Söke

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Söke
Söke is located in Turkey
Söke
Söke
Coordinates: 37°45′3″N 27°24′37″E / 37.75083°N 27.41028°E / 37.75083; 27.41028Coordinates: 37°45′3″N 27°24′37″E / 37.75083°N 27.41028°E / 37.75083; 27.41028
CountryTurkey
ProvinceAydın
DistrictSöke
Government
 • MayorNecdet Özekmekçi (CHP)
 • PrefectMehmet Demirezer
Area
 • District986.62 km2 (380.94 sq mi)
Population
(2012)[2]
 • Urban
70,522
 • District
115,586
 • District density120/km2 (300/sq mi)
Post code
09200
Websitewww.soke.bel.tr

Söke is a town and a large district of Aydın Province in the Aegean region of western Turkey, 54 km (34 miles) south-west of the city of Aydın, near the Aegean coast. It had 68,020 population in 2010. It neighbours are Germencik from north-east, Koçarlı from east, Milas from south-east, Didim from south-west, Aegean Sea from west and Kuşadası from northwest.

Etymology[edit]

Modern Söke is identified with the ancient Greek city of Anaia [it] (Greek: Ἄνναια, Ἄναια, Ἀναία) (also referred to as Anea, Anaea, Annaea or Annaia), which named after the Amazon Anaea (Greek: Ἀναία).[3] Later, it was also called Sokia (Greek: Σώκια). As of 1920, the British were calling it Sokia.[4] Anaia is also the name of a titular see (Anaea) of the Catholic and Orthodox Churches, and the seat of an actual diocese [bg] of the Ecumenical Patriarchate of Constantinople from 1833 to 1922.

Geography[edit]

The district lies between the Aegean coast and the edge of the fertile alluvial plain of the Büyük Menderes River. Lake Bafa is to the south of the district. The plain contains much rich agricultural land, one of Turkey's largest cotton growing areas and also important for wheat and flour. Other income comes from handicrafts, forestry and fishing. Söke is Turkey's only exporter of culinary snails.

The Aegean region is rich in history and natural beauty, complemented with Mediterranean climate. Söke is a large town right in the centre of the region, the market town at the heart of a wealthy agricultural district, with a dramatic backdrop of mountains. Furthermore, although eclipsed by the nearby centres of tourism on the coast, Kuşadası, Didim and Bodrum, Söke does catch passing trade from the many visitors to the area, including visitors to the nearby historical site of Priene. There are a number of amenities on the highway for tourists passing through from Izmir airport to the coast, these include restaurants, service stations, and outlet stores selling cut-price clothing. The local cuisine includes çöp şiş (a shish kebab of small pieces of lamb) and pide (a flat bread pizza).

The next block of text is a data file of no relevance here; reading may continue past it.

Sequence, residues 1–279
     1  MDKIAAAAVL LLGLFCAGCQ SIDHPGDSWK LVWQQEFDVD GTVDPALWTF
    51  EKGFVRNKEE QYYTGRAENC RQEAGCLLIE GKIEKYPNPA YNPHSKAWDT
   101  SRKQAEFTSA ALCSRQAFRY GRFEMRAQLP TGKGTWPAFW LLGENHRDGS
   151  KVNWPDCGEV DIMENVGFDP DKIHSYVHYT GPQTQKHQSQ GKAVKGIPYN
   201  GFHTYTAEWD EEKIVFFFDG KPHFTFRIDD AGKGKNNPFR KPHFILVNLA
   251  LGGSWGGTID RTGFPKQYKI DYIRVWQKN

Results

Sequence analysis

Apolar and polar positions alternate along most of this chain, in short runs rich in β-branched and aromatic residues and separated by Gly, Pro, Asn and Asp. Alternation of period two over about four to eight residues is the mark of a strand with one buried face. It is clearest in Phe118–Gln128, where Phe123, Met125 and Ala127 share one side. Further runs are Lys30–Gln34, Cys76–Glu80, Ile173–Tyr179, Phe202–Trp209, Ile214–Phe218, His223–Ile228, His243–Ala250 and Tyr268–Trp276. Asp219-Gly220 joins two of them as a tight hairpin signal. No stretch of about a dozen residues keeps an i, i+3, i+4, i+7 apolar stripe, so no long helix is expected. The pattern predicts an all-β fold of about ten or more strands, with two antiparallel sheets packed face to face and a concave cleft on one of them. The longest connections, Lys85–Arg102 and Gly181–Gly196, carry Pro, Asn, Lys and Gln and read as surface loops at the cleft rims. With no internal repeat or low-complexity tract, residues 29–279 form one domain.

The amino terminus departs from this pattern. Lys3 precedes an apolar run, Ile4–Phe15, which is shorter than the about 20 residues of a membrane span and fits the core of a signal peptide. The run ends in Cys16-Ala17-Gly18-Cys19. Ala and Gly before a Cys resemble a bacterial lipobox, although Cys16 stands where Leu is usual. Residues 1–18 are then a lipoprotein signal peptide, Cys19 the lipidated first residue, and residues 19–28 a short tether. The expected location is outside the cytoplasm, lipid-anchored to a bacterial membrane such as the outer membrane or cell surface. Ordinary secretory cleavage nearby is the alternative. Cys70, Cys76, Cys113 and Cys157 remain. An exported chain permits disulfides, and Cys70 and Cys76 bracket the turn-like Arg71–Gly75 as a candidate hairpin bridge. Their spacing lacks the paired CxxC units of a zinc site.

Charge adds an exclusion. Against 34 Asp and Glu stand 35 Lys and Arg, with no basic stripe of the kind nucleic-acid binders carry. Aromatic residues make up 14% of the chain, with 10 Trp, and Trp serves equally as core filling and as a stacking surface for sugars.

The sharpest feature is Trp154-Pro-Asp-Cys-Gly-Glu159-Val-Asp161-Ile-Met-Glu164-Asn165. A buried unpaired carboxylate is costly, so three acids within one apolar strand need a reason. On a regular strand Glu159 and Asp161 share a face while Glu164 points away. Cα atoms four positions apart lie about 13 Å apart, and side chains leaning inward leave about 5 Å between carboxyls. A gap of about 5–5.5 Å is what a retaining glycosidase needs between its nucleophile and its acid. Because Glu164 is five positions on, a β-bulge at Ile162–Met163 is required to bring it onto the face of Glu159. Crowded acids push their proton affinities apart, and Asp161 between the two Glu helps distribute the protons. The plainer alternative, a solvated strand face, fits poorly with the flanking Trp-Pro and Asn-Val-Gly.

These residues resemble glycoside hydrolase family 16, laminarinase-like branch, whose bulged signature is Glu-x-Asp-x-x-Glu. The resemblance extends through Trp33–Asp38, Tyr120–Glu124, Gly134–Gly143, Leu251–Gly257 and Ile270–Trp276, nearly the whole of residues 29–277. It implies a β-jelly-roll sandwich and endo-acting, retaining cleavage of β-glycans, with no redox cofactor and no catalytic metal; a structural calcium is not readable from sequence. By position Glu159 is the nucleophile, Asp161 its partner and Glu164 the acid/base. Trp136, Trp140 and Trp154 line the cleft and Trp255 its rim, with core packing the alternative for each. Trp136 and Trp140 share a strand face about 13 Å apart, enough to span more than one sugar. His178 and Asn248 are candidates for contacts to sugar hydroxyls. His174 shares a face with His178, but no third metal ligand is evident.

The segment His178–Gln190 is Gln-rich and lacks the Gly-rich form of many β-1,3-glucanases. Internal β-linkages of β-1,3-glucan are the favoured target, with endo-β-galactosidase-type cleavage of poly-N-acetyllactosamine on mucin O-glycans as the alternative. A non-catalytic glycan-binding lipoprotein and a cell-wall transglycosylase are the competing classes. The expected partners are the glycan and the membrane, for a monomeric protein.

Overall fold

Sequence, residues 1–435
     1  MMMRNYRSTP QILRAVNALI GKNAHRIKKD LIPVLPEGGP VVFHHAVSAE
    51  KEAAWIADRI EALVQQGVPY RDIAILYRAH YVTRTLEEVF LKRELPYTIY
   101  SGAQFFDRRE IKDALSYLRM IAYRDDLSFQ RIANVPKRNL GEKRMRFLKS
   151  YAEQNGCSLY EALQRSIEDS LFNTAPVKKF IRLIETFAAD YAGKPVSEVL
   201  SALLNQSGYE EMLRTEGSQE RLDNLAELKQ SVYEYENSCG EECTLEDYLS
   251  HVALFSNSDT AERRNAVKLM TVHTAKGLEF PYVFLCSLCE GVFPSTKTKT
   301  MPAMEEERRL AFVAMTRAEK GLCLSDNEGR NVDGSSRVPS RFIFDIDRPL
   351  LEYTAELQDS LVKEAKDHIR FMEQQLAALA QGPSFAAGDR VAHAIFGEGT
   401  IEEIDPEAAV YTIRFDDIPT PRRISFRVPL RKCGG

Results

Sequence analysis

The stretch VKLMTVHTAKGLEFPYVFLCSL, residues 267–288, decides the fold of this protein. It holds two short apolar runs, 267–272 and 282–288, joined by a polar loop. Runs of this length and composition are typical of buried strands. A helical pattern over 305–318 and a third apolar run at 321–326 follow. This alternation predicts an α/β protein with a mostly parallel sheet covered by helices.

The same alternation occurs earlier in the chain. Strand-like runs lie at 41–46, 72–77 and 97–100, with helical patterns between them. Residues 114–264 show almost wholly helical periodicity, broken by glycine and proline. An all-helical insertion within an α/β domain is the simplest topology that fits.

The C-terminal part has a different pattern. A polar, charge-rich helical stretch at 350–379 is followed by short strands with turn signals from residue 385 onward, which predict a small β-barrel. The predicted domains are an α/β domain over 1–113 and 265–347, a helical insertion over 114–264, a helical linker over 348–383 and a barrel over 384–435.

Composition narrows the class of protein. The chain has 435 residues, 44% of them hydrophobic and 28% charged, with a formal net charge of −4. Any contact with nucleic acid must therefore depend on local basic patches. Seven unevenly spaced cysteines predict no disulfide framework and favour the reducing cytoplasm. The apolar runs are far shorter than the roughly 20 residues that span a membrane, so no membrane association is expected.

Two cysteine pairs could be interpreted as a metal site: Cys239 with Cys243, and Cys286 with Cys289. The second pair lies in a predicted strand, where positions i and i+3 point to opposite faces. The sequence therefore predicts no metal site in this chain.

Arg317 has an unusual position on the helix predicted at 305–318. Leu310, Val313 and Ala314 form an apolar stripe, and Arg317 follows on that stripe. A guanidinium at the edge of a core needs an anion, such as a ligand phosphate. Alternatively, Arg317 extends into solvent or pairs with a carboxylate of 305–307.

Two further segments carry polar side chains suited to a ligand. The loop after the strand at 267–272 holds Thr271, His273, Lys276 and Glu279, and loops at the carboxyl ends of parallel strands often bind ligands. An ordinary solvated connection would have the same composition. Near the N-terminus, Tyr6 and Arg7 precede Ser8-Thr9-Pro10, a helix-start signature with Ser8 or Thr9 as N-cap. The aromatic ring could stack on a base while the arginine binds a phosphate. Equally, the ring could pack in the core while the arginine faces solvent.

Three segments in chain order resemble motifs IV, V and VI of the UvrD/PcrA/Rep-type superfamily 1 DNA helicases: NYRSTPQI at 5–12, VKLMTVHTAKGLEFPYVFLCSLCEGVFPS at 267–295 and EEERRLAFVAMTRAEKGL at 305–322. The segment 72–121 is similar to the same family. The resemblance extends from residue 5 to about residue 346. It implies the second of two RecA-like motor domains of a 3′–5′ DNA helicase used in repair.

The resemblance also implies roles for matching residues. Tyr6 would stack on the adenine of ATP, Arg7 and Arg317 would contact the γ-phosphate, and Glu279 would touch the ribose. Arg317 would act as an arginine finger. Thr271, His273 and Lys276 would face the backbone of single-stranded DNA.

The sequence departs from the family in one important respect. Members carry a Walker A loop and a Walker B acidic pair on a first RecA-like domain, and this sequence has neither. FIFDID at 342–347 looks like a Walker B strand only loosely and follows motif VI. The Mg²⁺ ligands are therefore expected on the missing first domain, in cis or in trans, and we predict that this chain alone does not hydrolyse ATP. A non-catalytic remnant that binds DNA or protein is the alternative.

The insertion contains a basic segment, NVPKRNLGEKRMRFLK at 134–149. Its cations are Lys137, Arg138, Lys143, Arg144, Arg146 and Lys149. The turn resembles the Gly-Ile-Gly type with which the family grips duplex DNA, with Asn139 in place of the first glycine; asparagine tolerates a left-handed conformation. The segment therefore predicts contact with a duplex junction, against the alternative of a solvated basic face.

Söke is a town of 62,000 people.[citation needed]

History[edit]

Settled since the centuries BC, the region was called Aneon (Greek: Ανέων) and was inhabited by Greeks. Stephanus of Byzantium, quoting Ephorus, mention that the tomb of the amazon Anaea was at the city.[5] During the Peloponnesian War some Samian exiles posted themselves there. In addition, Thucydides mention that there was a naval station, and it was near enough to annoy Samos.[6]

In 1426 it was captured by the Ottoman Turks as remaining capital of the Sanjak of Menteşe.

In 18 May 1919, Italian troops landed at Söke, the Allies were afraid that the Italian landing may provoke trouble with the Greek troops, who were near Smyrna. Although Italy and Greece were allies during WWI their relations were not good.[7] In 1920, large Turkish and Arab forces were fighting against the Italian forces.[8] In April 1922 Italian troops withdrawn and Greek troops entered the area.[9] After the defeat of the Greek army in the Greco-Turkish War (1919–1922), Greek troops was withdrawn and Turkish troops entered in September 1922. Greek inhabitants of the area evacuated to Greece together with the Greek army or was killed by the advancing Turkish troops.[10] The Turkish resistance in the area was led by one Cafer Efe, whose statue is in the town.

The city was settled with Turkish immigrants from Crete during the Population exchange between Greece and Turkey in the 1920s.

Economy[edit]

Söke has a history of mining lignite. During World War I, it was producing large amounts of lignite. The British described the quality as being "very poor." It was exported to Smyrna via train and used in factories.[4]

Places of interest[edit]

  • Priene - ancient ruins, 15 km (9 mi) from Söke

See also[edit]

References[edit]

  1. ^ "Area of regions (including lakes), km²". Regional Statistics Database. Turkish Statistical Institute. 2002. Retrieved 2013-03-05.
  2. ^ "Population of province/district centers and towns/villages by districts - 2012". Address Based Population Registration System (ABPRS) Database. Turkish Statistical Institute. Retrieved 2013-02-27.
  3. ^ http://www.perseus.tufts.edu/hopper/searchresults?page=2&q=Anaea
  4. ^ a b Prothero, G.W. (1920). Anatolia. London: H.M. Stationery Office. p. 101.
  5. ^ Mary Bennett, Florence (December 2007). Religious Cults Associated With the Amazons. Forgotten Books. ISBN 978-1605063867.
  6. ^ ANNAEA or ANAEA
  7. ^ "Greeks Displeased". The Register (Adelaide). LXXXIV, (22, 640). South Australia. 2 June 1919. p. 5. Retrieved 5 July 2018 – via National Library of Australia.
  8. ^ "Nine Wars On: Vast Sums for Armament". The World's News (989). New South Wales, Australia. 27 November 1920. p. 12. Retrieved 5 July 2018 – via National Library of Australia.
  9. ^ "SOKIA OCCUPIED". The Sun (3581). New South Wales, Australia. 24 April 1922. p. 8 (FINAL EXTRA). Retrieved 5 July 2018 – via National Library of Australia.
  10. ^ Kiminas, Demetrius (March 2009). The Ecumenical Patriarchate: A History of Its Metropolitans with Annotated Hierarch Catalogs. Wildside Press. p. 83. ISBN 978-1434458766.

External links[edit]